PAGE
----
Company snapshot

Date established 2006

Main business sectors Corporate, retail, investment and private banking

Main business regions Qatar, GCC, Asia

Chief executive officer Adel Mustafawi

Masraf al-Rayan structure

Founded in 2006, Masraf al-Rayan is a Qatar-based sharia-compliant financial institution offering the full range of banking services. It was incorporated in 2006, with a paid-up of $1.1bn, which by the third quarter of 2010 had increased to $1.39bn.

Since its inception, the bank has steadily expanded its operations, and now operates eight branches around Doha, with a head office in the Qatari capital. Its staff runs to 250 employees. Masraf al-Rayan is a listed company and its shares are traded on the Qatar Exchange. 

The bank is 33 per cent owned by Qatari public sector entities. It also has a significant non-Qatari ownership. Masraf al-Rayan’s board of directors agreed in April 2008 to increase the non-Qatari shareholding in the bank to 49 per cent from the existing 31 per cent, at a future date.

Through its $100m-capitalised investment arm, the Qatar Financial Centre-based Al-Rayan Investment, it buys stakes in companies and invests in funds. Masraf al-Rayan also has interests in two other subsidiaries, Lusail Waterfront Real Estate Company and the Saudi-based Kirnaf Personal Finance Company.

Masraf al-Rayan balance sheet (QRbn)
  2008 2009
Total assets 16,769 24,124
Customer deposits 10,898 17,831
Loans and advances 13,326 17,750
Source: QNB Capital

Masraf al-Rayan operations

Masraf al-Rayan offers a fully-fledged sharia-compliant offering, covering retail, corporate, investment and private banking. Investment banking operations are undertaken by Al-Rayan Investment, its wholly-owned subsidiary based at QFC. This unit has been active through 2010, launching earlier in the year a $1bn GCC Fund to invest in listed equities, fixed-income and money-market instruments in the Gulf.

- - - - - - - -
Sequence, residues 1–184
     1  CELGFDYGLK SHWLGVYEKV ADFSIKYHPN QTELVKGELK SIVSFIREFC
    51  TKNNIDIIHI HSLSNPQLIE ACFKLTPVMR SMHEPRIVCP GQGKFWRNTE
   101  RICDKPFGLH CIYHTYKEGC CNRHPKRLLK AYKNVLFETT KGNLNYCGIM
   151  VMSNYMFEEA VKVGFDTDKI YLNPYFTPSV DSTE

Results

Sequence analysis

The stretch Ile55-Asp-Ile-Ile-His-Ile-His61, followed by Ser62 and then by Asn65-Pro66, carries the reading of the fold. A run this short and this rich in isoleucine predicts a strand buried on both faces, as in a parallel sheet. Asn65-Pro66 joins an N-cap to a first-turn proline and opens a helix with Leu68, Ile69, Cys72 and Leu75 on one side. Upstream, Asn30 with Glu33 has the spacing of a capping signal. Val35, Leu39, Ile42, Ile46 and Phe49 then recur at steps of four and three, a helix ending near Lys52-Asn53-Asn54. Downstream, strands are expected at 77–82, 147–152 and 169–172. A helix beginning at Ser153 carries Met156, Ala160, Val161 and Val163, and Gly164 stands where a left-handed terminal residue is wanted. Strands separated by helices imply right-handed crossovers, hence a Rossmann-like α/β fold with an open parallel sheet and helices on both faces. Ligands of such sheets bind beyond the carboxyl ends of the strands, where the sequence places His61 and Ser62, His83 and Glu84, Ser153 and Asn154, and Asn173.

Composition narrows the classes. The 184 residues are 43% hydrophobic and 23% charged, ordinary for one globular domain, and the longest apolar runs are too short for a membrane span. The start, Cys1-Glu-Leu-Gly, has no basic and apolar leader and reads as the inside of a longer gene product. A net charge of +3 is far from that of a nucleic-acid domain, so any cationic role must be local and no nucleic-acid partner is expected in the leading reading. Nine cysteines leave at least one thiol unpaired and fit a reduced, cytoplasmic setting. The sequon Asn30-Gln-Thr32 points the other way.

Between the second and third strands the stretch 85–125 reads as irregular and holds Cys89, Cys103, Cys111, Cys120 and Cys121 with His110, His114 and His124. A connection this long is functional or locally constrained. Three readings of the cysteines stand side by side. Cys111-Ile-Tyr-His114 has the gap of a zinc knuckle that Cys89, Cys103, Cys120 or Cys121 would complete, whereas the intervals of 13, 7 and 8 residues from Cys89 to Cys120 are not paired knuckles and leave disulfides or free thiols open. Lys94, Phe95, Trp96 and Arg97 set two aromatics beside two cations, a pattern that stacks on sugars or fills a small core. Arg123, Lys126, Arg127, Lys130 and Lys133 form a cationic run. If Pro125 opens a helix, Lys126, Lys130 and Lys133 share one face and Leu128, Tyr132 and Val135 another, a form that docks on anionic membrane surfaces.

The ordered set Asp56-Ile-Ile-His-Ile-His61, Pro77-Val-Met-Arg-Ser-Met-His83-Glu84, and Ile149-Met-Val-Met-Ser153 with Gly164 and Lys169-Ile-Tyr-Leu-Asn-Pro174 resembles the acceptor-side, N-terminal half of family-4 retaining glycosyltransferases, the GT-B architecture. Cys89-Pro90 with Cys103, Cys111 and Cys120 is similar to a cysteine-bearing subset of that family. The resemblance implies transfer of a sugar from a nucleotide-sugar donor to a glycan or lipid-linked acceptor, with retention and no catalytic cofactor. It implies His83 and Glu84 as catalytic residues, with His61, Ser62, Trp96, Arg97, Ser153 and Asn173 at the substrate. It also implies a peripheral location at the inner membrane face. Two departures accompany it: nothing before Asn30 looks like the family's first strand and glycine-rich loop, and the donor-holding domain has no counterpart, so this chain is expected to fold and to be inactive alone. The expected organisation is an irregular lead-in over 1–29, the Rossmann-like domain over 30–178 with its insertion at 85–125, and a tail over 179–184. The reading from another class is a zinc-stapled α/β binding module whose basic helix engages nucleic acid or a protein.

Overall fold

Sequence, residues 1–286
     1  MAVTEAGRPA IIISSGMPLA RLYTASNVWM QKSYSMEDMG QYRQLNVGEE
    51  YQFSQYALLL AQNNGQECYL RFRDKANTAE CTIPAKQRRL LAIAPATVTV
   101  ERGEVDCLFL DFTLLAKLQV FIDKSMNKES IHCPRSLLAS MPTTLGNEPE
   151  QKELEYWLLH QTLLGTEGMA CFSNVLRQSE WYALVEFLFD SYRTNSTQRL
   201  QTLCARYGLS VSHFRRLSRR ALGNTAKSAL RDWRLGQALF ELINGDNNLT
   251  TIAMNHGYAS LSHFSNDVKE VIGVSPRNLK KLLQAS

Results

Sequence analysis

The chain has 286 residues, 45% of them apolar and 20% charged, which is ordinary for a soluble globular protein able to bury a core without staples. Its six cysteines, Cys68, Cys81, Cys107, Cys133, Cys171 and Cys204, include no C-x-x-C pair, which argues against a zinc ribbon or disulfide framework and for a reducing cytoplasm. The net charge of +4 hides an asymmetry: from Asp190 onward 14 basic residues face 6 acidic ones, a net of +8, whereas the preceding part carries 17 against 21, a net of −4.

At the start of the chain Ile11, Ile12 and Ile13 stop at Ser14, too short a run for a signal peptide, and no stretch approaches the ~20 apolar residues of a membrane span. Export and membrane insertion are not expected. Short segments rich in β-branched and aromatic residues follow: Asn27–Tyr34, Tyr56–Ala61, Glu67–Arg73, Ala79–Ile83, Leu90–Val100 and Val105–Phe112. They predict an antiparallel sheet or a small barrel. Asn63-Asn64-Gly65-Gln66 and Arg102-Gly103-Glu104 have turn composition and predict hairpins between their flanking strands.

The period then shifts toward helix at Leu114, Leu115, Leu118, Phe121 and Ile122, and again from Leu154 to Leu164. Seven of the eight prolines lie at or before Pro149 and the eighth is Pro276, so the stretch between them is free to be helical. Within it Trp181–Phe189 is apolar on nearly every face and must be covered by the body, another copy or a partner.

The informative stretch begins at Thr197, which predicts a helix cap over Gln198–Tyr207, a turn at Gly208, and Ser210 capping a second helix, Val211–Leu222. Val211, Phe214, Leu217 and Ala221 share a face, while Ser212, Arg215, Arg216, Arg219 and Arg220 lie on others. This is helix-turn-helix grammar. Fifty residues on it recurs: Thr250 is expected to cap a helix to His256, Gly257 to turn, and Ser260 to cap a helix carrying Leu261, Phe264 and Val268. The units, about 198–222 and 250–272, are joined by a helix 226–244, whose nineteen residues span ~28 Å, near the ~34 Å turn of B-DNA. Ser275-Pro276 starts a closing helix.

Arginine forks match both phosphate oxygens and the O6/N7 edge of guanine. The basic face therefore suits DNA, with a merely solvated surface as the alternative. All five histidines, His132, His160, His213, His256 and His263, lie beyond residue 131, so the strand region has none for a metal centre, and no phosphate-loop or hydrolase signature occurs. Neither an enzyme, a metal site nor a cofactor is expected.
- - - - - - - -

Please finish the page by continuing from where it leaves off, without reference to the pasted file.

Al-Rayan Investment announced plans in July to launch three funds focusing on both equity and debt markets in Qatar and Libya, Malaysia, Indonesia and Singapore. The investment banking arm also established a joint venture in June with Malaysia-based oil and gas services company, SapuraCrest Ventures. The new company SapuraCrest Qatar will aim to leverage the expertise of SapuraCrest Petroleum in Qatar’s booming oil and gas services sector.

In 2007, Masraf al-Rayan announced its first significant overseas move, with an expansion into the Saudi consumer finance sector, joining with major Riyadh investors to set up Kirnaf Investment & Installment Company. The firm offers home, car, education and goods financing to customers in the kingdom.

The bank is looking to boost its retail offering with innovative consumer-friendly products. This year, it launched the Al-Rayan Phone, a banking service that enables customers to access account information and carry out other banking transactions by phone. 

Masraf al-Rayan’s corporate banking services cover the full range of activities, from capital restructuring to mergers and acquisitions, and project finance. Private banking is also a core focus, given the large number of high-net worth individuals in the GCC and Qatar.

The bank’s profitability is skewed towards corporate banking, which reported profits of QR713.9m ($196.3m) as of 30 September, compared to QR30.6m in retail banking and QR23.7m for its Al-Rayan Investment unit.

Shareholders’ equity vs net profit
  2008 2009
Shareholders’ equity 5,694 5,962
Net profit 917 881
Source: QNB Capital

Masraf al-Rayan ambitions

Masraf al-Rayan is aiming high, in line with the Qatari economy’s strong growth trajectory. Its founders established the bank with $1bn in capital to take on regional banks, and play a key role in helping to finance some of the big projects coming out of the region.

Its investment banking arm is already active in key growth markets in Middle East and North Africa and Asia. 

Its private banking arm is also primed for increased activity. Going forward, wealth management will become a core focus for the bank, as Qatari and GCC residents grow richer on the back of high oil prices and robust state spending. However, the bank points out that corporate and retail banking will remain critical parts of its business.

New branches are planned for Qatar, but the bank also has a wider geographic plan. Masraf al-Rayan sees the GCC and Southeast Asia as its main future growth markets, and it is seeking out a position as a bridge between these regions.